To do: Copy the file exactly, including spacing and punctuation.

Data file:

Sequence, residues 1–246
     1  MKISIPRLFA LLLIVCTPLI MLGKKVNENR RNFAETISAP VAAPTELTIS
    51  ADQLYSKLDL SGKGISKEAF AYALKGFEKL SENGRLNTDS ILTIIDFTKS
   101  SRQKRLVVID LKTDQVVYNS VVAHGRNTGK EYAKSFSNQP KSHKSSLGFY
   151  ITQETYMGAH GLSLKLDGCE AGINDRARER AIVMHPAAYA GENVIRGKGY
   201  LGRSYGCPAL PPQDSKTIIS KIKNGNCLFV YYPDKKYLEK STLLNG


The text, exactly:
Sequence, residues 1–246
     1  MKISIPRLFA LLLIVCTPLI MLGKKVNENR RNFAETISAP VAAPTELTIS
    51  ADQLYSKLDL SGKGISKEAF AYALKGFEKL SENGRLNTDS ILTIIDFTKS
   101  SRQKRLVVID LKTDQVVYNS VVAHGRNTGK EYAKSFSNQP KSHKSSLGFY
   151  ITQETYMGAH GLSLKLDGCE AGINDRARER AIVMHPAAYA GENVIRGKGY
   201  LGRSYGCPAL PPQDSKTIIS KIKNGNCLFV YYPDKKYLEK STLLNG